South Korea and Japan's Frictions over History: A Linguistic Constructivist Reading*
Yang, Kiwoong, Asian Perspective
This article looks at the characteristics of "frictions over history" in ROK-Japan relations since the 1990s, with a focus on Korea's responses. It addresses some hypotheses on the characteristics and trends shown in the political process of "blundering" through comparative analysis of sixty-one cases, and additionally presents an in-depth case study on Prime Minister Abe Shinzo's remarks of 2007 concerning the comfort women issue. This research shows that the responses to blunders and the political process were the products of interactions between the agent's speech acts and are a type of language game that is linguistically inter-constituted. Moreover, the 2007 comfort women case study shows that conflicts and the process of negotiations regarding blunders are a type of constructive language game in which the agents construct rules of engagement, modify mutual perceptions, and transform actors themselves through a series of speech acts.
Key words: South Korea-Japan relations, East Asian politics
This research looks at the characteristics of "frictions over history" as they appear in South Korea-Japan relations since the 1990s, with a focus on Korea's responses. This article analyzes the characteristics and trends shown in the political process of blundering through comparative analysis and additionally presents an in-depth case study on Prime Minister Abe Shinzo's 2007 remarks on the comfort women issue to prove that the political process of blundering is the product of interactions between blunders and responses and is a type of language game that is linguistically inter-constituted.
Since 1990, approximately sixty cases of friction between the Republic of Korea (ROK or South Korea) and Japan over history were reported in the South Korean media. In South Korea, distorted historical remarks given by Japanese cabinet members and at times by politicians are called blunders. Most of the frictions over history are developed in part by Japanese politicians through remarks that trigger a response from South Korea.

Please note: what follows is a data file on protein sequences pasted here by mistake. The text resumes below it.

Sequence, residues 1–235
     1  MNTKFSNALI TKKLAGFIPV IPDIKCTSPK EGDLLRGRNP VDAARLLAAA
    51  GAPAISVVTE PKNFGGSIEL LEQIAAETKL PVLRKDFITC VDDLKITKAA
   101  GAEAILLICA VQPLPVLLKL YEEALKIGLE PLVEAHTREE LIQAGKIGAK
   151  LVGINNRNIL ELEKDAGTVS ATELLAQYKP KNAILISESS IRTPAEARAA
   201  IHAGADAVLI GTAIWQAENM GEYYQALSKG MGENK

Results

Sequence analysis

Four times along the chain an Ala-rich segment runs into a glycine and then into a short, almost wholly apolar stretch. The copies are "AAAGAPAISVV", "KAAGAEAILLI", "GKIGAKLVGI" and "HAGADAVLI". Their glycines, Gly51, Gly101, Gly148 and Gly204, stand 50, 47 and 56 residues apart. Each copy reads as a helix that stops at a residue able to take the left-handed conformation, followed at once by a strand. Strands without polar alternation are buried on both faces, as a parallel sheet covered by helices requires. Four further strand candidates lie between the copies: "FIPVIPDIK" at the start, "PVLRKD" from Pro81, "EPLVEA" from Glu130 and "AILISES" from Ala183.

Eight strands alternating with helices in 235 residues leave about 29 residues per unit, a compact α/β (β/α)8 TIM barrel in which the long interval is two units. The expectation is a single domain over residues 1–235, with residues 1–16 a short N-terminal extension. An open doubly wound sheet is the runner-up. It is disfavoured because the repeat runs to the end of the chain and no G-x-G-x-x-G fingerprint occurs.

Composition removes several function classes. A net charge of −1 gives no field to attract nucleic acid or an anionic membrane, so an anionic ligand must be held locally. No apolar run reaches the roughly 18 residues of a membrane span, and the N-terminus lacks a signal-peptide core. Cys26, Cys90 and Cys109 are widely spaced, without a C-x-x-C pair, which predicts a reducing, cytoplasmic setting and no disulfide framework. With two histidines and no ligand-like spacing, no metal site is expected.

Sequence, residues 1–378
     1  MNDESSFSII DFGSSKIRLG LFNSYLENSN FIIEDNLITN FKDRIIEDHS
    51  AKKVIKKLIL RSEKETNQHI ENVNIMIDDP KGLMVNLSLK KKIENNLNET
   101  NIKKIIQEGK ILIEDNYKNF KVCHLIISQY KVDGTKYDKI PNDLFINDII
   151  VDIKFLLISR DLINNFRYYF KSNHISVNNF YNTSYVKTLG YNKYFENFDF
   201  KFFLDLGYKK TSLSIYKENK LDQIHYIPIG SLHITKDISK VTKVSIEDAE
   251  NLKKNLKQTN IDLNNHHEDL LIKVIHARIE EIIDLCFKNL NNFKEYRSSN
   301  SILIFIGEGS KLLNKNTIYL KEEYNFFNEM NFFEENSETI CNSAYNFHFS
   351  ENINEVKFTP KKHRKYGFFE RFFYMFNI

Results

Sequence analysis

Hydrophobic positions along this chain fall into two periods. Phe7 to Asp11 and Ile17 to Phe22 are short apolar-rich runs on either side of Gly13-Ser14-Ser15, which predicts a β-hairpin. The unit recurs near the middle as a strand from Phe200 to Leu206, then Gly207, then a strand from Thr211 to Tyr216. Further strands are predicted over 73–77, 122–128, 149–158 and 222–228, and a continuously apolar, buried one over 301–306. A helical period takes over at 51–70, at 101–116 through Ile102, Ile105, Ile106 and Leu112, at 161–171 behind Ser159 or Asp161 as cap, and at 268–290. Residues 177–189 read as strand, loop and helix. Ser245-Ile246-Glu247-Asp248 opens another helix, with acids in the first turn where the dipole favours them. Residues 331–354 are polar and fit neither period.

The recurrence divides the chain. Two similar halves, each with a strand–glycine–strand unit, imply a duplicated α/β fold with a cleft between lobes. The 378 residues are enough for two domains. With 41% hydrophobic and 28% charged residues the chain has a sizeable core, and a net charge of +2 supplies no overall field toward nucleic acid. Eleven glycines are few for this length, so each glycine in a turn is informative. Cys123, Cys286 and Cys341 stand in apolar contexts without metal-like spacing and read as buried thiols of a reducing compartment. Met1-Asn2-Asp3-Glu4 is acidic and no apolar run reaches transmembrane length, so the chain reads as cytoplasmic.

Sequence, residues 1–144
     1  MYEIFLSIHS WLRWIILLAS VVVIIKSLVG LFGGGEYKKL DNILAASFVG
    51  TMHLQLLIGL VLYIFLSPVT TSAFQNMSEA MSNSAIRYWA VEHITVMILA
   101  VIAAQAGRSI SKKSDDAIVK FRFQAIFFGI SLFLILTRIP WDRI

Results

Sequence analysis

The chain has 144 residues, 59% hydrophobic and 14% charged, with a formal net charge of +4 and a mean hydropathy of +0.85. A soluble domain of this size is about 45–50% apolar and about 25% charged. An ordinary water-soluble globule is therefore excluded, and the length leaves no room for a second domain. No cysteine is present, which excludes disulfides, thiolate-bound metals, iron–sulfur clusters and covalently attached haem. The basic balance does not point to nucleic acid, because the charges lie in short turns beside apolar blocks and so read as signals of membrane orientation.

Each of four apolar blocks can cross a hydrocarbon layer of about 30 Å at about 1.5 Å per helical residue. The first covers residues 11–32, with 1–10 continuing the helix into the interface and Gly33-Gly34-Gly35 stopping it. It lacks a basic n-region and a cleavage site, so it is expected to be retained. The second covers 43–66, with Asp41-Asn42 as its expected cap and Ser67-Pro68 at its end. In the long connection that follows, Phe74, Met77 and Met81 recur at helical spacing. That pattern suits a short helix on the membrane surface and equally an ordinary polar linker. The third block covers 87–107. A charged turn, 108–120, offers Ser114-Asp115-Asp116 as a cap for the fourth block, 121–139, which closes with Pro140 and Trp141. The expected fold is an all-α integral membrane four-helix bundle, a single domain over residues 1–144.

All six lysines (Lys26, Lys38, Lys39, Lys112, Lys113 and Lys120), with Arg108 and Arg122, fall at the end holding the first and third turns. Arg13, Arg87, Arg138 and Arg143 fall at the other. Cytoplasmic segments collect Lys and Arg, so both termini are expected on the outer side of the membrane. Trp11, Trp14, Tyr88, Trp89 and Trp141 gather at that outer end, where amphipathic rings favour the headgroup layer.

Frictions or disputes over issues of history-the comfort women, distortions of Japanese history textbooks, the territorial dispute over Dokdo (Takeshima in Japanese), Yasukuni Shrine visits, and the war of aggression and colonial occupation of Korea by Japan-have been significant not only for ROK-Japan relations but also for Northeast Asia as well. The intermittent but often repeated "distorted remarks and actions regarding history" (so-called "blunders") by Japan's prime ministers, cabinet members, and leading politicians have hindered progress in ROK-Japan relations as well as Sino-Japanese relations. They have become a significant source of conflict within the ROKJapan relationship and Northeast Asian politics.
Japan's blunders since the postwar period are numerous. In 1951, then-Prime Minister Yoshida Shigeru remarked that "Because minority immigrants are like parasites in the stomach, Japan's goal in ROK-Japanese Conference is to avoid these." In October of 1953, one of Japan's representatives during the ROK-Japanese Conference blundered that "Japan's colonial occupation contributed to Korea's welfare and Japan does not feel guilty because we did them a favor." Since then, Japan's prime ministers, cabinet members, and politicians have repeatedly remarked or blundered about distorted history and after each occurrence, ROKJapan relations have gone through a process of rapid deterioration before gradual restoration. Northeast Asia's frictions over history are not just simple academic polemics. They are "heated international politics" in and of themselves. In this region, frictions over history make pursuit of regional benefits in security and economic cooperation difficult.
Perspectives on Historical Friction Remarks
The issue of conflicts over historical memory or so-called "blunders" in Northeast Asia has been debated and researched exclusively by historians or journalists. …